During the quiet hours of the night, a surprising number of people are not sleeping well, some of them aren't sleeping at all. There are a variety of sleep disorders that afflict people, and some folks are unfortunate enough to live with more than one disorder.
Here are a few of the more common sleep disorders:
Lots of people suffer from insomnia. They have a hard time falling asleep. Or they may find it difficult to stay asleep. Some people struggle with both. This lack of sleep is frustrating for those trying to get through the night. They are not refreshed when they give up on sleep either through the night, or in the morning.
A sleep study can glean helpful information. Treatments such as counseling, lifestyle changes and medication may be beneficial.
2) Sleep apnea
Sleep apnea interrupts sleep as the sufferer stops breathing and starts again. Breathing may be shallow manner, with long pauses between breaths. Snoring often ensues during a troubled night of broken sleep.
A continuous positive airway pressure, also called a CPAP, may make a significant difference in a more tranquil sleep.
3) Restless legs syndrome
Restless legs syndrome expresses itself in a strong urge to move the leg muscles. In fact, it's downright difficult to keep them still. Burning, tingling or prickling can accompany RLS. All this unpleasantness can make it hard to get to asleep and stay there.
Moderate exercise, regular sleep patterns and relaxation techniques may help. Medication may also make a difference.
Narcolepsy comes with a number of unpleasant symptoms. Cataplexy is a sudden absence of muscle tone brought on by intense emotions, or laughter. Hallucinations are frightening and disorienting.
Sleep paralysis — described more fully below — makes moving impossible at times, while going to sleep or awakening.
Narcolepsy may be regulated by medication. The help of a health care practitioner is important.
5) Night terror aka sleep terror disorder
About an hour and a half after going to sleep the person who has night terrors may be suddenly wakened from non-REM sleep into a state of panic, complete with screams, yelling and thrashing about. The sympathetic nervous system blooms into the fight-or-flight response.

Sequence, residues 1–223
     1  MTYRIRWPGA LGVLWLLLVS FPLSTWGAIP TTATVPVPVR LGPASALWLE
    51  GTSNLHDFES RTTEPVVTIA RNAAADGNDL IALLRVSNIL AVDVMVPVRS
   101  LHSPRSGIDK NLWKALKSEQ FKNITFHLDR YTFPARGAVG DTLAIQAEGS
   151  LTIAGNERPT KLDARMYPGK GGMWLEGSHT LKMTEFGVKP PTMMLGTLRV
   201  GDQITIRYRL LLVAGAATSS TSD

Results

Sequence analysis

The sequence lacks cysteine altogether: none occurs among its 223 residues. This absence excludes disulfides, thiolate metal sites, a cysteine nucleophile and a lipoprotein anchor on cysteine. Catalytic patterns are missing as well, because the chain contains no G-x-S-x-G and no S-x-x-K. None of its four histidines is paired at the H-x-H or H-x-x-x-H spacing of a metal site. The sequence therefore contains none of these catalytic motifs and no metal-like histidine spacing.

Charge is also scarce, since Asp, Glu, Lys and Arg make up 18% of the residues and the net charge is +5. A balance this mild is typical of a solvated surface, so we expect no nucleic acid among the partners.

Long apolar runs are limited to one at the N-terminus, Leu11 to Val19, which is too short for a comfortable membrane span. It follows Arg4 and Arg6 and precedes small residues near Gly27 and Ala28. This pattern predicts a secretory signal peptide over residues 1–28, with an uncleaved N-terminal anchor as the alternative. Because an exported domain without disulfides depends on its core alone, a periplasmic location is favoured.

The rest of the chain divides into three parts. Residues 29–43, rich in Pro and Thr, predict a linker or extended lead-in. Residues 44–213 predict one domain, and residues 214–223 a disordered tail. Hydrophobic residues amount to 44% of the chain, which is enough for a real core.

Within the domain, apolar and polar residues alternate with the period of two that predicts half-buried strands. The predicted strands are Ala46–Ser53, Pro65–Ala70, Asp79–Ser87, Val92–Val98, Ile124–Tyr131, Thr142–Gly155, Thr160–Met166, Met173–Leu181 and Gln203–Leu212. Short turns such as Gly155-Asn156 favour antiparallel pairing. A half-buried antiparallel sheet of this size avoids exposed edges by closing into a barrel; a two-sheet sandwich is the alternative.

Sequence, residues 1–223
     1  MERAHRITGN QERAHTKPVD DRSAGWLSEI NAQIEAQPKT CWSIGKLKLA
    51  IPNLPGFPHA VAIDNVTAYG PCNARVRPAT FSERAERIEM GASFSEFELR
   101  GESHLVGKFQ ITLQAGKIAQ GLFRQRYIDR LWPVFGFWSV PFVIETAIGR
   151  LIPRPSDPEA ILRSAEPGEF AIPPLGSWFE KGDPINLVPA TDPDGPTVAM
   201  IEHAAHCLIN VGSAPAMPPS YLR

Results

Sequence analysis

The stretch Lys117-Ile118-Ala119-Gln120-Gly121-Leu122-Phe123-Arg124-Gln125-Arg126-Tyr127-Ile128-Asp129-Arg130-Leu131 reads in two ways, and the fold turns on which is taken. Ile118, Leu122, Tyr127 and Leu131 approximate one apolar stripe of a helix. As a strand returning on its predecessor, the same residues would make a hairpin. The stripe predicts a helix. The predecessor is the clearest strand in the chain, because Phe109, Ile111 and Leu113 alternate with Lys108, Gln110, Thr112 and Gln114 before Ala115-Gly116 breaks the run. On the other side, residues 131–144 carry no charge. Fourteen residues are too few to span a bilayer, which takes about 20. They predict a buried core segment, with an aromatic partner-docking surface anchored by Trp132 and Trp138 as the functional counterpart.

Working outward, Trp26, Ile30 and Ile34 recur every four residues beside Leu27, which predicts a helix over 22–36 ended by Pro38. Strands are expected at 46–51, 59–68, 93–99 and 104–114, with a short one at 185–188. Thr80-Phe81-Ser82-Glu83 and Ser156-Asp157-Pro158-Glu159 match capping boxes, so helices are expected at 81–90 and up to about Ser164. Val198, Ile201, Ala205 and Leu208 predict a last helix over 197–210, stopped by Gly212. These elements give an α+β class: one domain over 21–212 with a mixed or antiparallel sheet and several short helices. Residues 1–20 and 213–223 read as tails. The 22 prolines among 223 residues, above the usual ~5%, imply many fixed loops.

Sufferers may not react to their actual surroundings, and may be disoriented and confused, and unable to speak coherently. They may throw things, or rush out of the room. No memory of any of these events may remain with them.
Sleepwalkers start moving about during non-REM sleep. They may seem like they must be awake, as they perform fairly involved activities. They may walk around the house, or go outside.
I know of one person who got a bowl out of the kitchen cupboard and put it on his head, then went outside for some air. Another sat in front of a TV that was turned off, looking for all the world like he was watching televison. But he was sound asleep.
Often, sleepwalkers will do their thing, and wander back to bed without ever waking, having no memory of the events.
7) Sleep Paralysis
The person who suffers from sleep paralysis is unable to move — sometimes for just a few seconds, and sometimes for several minutes — despite being awake. A feeling of pressure or choking may make this helplessness even worse.
Normally we are unconscious when our muscles are non-responsive, during REM sleep. Being awake before muscles begin to function again can leave a person feeling helpless and frightened.
8) Sleep talking aka somniloquy
People who talk in their sleep may just utter a few syllables, or they may carry on a conversation which may or may not make sense to the observer. Upon awakening, the sleep-talker will generally not remember the conversation.
About 50 percent of all children from 3 to 10 years of age and about 5 percent of all adults are prone to talking in their sleep. According to a 2004 poll, 1 out of every 10 children talks in their sleep several nights per week.
Visit Jody's website at http://www.ncubator.ca
Reviewed March 23, 2016
by Michele Blacksberg RN
Insomnia. NLM.NIH.gov. Retrieved March 21, 2016.
Sleep Apnea Causes Lack of Sleep and Serious Health Risks. Empowher.com. Retrieved March 21, 2016.
Restless Legs Also called: RLS. NLM.NIH.gov. Retrieved March 21, 2016. https://www.nlm.nih.gov/medlineplus/restlesslegs.html
Narcolepsy: Possible Autoimmune Disorder with Genetic Abnormalities. Empowher.com. Retrieved March 21, 2016.
Sleep Terrors. Emedicine.medscape.com. Retrieved March 21, 2016.
Night Terrors and Parasomnias. Patient.info. Retrieved March 21, 2016.
Sleepwalking. Emedicine.medscape.com. Retrieved March 21, 2016. http://emedicine.medscape.com/article/1188854-overview
Sleep Paralysis. WebMD.com. Retrieved March 21, 2016.
Talking in Your Sleep. WebMD.com. Retrieved March 21, 2016.